Saturday, February 13, 2010

Defining the border

Gene Keller, the speaker at today's El Paso Writers' League meeting, gave us a 15-minute writing exercise to "define the border." Since El Paso is flush against the U.S. Mexican border, that's the one he meant and the one we wrote about. Here is my effort:

The border is a line we've agreed upon—a river, a wall, a treaty. Land that once was theirs but now is ours, and they had better not show up without their papers.

It's a line between us and them—our language and theirs. Our money and their drugs; our guns and their crime. It's a line we cross every day, enjoying the benefits of each others' culture. It's a line that once kept shifting but now is fixed in the ground. It's a line that is both distinct and blurred.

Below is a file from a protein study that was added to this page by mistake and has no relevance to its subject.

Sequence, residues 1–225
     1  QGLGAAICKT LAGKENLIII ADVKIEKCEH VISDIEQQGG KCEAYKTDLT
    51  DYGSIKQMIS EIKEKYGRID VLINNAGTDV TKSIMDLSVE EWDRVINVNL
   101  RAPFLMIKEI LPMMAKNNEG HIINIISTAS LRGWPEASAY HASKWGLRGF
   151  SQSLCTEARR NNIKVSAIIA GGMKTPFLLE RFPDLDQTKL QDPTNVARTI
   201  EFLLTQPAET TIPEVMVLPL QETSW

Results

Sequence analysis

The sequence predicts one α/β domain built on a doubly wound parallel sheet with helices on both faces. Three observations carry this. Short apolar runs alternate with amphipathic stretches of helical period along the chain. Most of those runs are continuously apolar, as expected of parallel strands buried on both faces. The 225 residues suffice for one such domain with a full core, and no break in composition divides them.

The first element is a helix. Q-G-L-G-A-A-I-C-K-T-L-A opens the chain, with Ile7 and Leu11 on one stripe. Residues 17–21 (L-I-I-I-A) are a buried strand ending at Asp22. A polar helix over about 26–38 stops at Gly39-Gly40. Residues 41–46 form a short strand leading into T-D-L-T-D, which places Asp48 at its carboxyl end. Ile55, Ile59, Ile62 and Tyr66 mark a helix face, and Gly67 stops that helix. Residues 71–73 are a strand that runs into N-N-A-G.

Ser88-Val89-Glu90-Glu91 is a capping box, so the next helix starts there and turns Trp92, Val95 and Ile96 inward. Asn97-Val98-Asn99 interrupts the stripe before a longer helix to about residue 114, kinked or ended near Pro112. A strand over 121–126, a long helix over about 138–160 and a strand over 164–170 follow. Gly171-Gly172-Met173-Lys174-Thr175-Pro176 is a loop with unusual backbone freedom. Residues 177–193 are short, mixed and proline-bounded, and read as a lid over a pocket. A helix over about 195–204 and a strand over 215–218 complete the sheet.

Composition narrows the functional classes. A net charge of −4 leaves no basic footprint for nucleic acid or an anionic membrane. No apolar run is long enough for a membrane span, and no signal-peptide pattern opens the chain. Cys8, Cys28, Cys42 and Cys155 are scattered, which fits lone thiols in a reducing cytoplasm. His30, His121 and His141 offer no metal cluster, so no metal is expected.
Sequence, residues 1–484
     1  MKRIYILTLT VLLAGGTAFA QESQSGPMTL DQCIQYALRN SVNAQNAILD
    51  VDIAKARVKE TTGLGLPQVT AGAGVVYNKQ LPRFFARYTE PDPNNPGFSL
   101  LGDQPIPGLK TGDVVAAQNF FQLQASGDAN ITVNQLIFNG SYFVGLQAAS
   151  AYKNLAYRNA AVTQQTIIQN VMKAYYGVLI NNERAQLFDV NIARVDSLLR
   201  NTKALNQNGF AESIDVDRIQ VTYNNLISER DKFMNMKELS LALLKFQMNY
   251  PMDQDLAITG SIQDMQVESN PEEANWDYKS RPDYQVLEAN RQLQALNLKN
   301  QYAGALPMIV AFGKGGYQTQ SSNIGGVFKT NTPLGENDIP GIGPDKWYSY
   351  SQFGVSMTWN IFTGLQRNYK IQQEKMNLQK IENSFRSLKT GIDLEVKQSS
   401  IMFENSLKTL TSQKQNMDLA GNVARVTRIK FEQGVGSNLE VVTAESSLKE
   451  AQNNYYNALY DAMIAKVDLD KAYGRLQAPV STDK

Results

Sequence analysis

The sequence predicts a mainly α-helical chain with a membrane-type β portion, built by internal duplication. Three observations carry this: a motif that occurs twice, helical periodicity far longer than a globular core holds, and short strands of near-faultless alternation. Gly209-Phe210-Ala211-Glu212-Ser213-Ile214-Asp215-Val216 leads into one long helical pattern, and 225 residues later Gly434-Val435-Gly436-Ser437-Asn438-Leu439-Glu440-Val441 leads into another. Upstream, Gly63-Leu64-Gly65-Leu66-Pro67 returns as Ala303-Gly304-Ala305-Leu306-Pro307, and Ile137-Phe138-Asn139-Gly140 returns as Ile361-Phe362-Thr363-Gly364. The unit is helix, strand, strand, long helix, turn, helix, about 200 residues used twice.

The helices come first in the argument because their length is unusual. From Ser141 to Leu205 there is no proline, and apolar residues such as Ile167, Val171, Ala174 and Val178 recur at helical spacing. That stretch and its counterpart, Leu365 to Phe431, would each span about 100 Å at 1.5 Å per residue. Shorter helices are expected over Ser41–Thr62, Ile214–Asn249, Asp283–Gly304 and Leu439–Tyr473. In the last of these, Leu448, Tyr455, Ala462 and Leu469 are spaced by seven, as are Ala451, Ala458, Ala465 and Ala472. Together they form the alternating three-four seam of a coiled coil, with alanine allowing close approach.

4 comments:

Jane Kennedy Sutton said...

You’re description is very good. Wouldn’t it be nice if some day those borders are blurred because the crime element no longer exists and both sides are able to respect the laws of the land on either side?

Bob Sanchez said...

Yes, it would. Of course we have a firm border with Canada and not such a major crime problem. Humans just seem to love borders, from lot lines to national lines. We always have to know what's ours, don't we?

arlee bird said...

That border makes for some great literary territory.

Ruth D~ said...

We love borders, and we love categories, too.